Gobs on Sticks

Thoughts mostly (but not always) about the voice-over business, from London Voiceover Artist, Mike Cooper

  • About the author

    My name is Mike Cooper. I'm a full time Voiceover Artist living and working in London, and this is my blog. Find out more about me on my main website (there's a link further down this column), or if you'd like to hear some of my work, check out the files below.

“Then you career, from career to career…”

Posted by MikeCooper on February 27, 2009

If my previous post on getting into voiceovers didn’t put you off, and you’re still reading, then I’d say the next thing to think about is what “getting into voiceovers” actually means to you, and how you’re going to fit a career in voiceovers into your life.

What do you want from this? A full-time job which can replace the one you already have? Or something less than that? Just a bit of money on the side, perhaps?

Let’s take the second option first, because that’s the one that people usually seem to opt for, at least publicly, and if only out of a sense of (false) modesty or self-deprecation. If you’re telling yourself that you just want a voiceover career on the side, permit me to suggest to you that you might not be being completely honest with either of us. Are you seriously telling me that you’d rather do what you’re doing now than be a successful Voiceover Artist? If you’re reading this (and haven’t landed here at random) then you’re interested in voiceovers as a career. If you read the previous post and you’re still reading, then you’re convinced you have the talent to make it. And with that amount of interest and all that talent, who really wants to invest the money on equipment and marketing, and the amount of time needed to get anywhere, if all they really want is the occasional voiceover job now and again? No, that doesn’t seem likely to me somehow.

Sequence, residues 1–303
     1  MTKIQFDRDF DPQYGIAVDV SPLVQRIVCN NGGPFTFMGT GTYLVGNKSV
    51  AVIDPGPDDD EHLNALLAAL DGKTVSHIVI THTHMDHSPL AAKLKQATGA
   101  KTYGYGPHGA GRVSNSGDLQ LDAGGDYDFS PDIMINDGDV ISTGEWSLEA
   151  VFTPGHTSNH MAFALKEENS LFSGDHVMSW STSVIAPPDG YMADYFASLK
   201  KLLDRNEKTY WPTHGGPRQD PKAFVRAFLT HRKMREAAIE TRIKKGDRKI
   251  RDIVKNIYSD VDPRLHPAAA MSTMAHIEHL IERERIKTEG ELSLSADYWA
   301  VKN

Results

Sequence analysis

So, I ask you again, what do you really want from this? 

Still happy with the part-time option? OK, at least I got you to think about it. I do feel, however, that most people would at least like to dream of the day where they could leave their existing job behind and make voiceovers a career. It can be done, and the evidence is all around you. But it’s hard work getting there and will most likely take a long time. Most people aren’t going to be lucky enough to walk into a full time voiceover gig with a radio or TV station (yes, I do count these jobs as voiceover jobs, by the way. There may be a big difference between being a radio presenter and a commercial or animation voiceover, but in my swatch-book they’re still shades of the same colour. You’re being paid to talk, after all, and the rewards and satisfaction are, in my experience, much the same…)

Unfortunately, there are challenges, whether you decide on the part or full time option. Here are a couple of things to bear in mind.

The obvious thing, looking from the outside, is to think of starting small and building things up. That approach works really well with making greetings cards or scatter cushions in your spare time, but the thing to watch for in the voiceover business is that you’re going to be dealing with deadlines. The phone will ring (if you’re lucky) and you will be expected to turn up at the allotted time, whether that’s for an audition or for the gig itself. How will you fit these kinds of demands in around your existing commitments? There are too many full time, experienced talents in the market who are available at the drop of a hat for producers to wait around for those that aren’t. Surprisingly though, depending on how you’re going to find your work, this doesn’t necessarily have to be a deal-breaker, and I’ll talk about why not in a later post on finding jobs. But it is something you need to be aware of.